When a cake goes wrong

Any number of factors can lead to trouble with cakes or muffins, and that makes it hard to identify the real cause—or causes. Here is a list of several cake and muffin problems and a few of their likely causes.

Cake or muffins fall: underbaking, too much baking powder or soda

Cake or muffins heavy: batter undermixed, oven too hot, too much sugar or fat (or both)

Cake or muffins tough: overmixing after flour and liquid are combined, oven too hot or pan too dark, flour too high in protein, too little sugar or fat (or both)

Cake grainy: oven not hot enough, poor mixing

“Volcano” cake: oven too hot or pan too dark, too much flour

Muffins don’t peak: oven not hot enough; try 400° to 425°F

Tunnels in cake: oven too hot, batter overmixed, too much batter in the pan

Cake or muffins dry: too much flour or too many egg whites, too little sugar or fat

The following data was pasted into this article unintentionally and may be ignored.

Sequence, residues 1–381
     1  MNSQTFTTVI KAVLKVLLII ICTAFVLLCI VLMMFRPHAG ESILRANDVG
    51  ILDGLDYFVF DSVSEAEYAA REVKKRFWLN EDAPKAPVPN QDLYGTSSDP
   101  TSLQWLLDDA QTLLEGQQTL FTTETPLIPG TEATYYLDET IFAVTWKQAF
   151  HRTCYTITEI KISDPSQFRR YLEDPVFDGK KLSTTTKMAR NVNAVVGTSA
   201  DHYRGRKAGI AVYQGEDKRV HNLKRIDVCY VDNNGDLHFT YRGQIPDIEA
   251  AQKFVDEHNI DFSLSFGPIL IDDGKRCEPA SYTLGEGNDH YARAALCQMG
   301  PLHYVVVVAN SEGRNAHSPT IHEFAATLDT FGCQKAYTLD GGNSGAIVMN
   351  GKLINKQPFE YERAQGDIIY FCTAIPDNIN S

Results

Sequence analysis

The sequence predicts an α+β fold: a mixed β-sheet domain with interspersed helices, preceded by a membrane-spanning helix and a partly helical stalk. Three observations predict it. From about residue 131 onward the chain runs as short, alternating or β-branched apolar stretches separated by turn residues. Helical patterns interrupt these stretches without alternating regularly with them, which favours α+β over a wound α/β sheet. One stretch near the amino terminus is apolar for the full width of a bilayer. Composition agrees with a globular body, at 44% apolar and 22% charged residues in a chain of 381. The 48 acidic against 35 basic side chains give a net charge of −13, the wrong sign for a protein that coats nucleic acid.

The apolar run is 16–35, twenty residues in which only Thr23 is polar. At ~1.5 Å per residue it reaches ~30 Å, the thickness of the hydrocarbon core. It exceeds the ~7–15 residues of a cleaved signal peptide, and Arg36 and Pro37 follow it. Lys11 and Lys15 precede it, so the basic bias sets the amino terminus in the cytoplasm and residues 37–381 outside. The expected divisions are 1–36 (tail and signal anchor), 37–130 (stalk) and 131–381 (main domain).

Oven temperature and pan color can make the difference

When a cake bakes, the air bubbles you’ve beaten into the fat expand until the egg and flour proteins coagulate, the flour’s starch gelatinizes, and the cake’s structure sets. Larger bubbles mean an airy, coarser textured cake; smaller bubbles give a finer texture but also a denser one.

For finer textured cakes, try a slightly higher baking temperature (350°F). This will set the cake sooner and keep the bubbles from getting too big. For a lighter cake with a slightly more open texture, a slower oven (325°F) will help. The cake will need a few more minutes in the oven, but the lower temperature will give the bubbles more time to swell before the batter sets.

With cakes, the goal is a level top that’s as flat as a skating rink while muffins, in my ideal world, should peak like a volcano. In addition to oven temperature, choosing the right baking pan can help.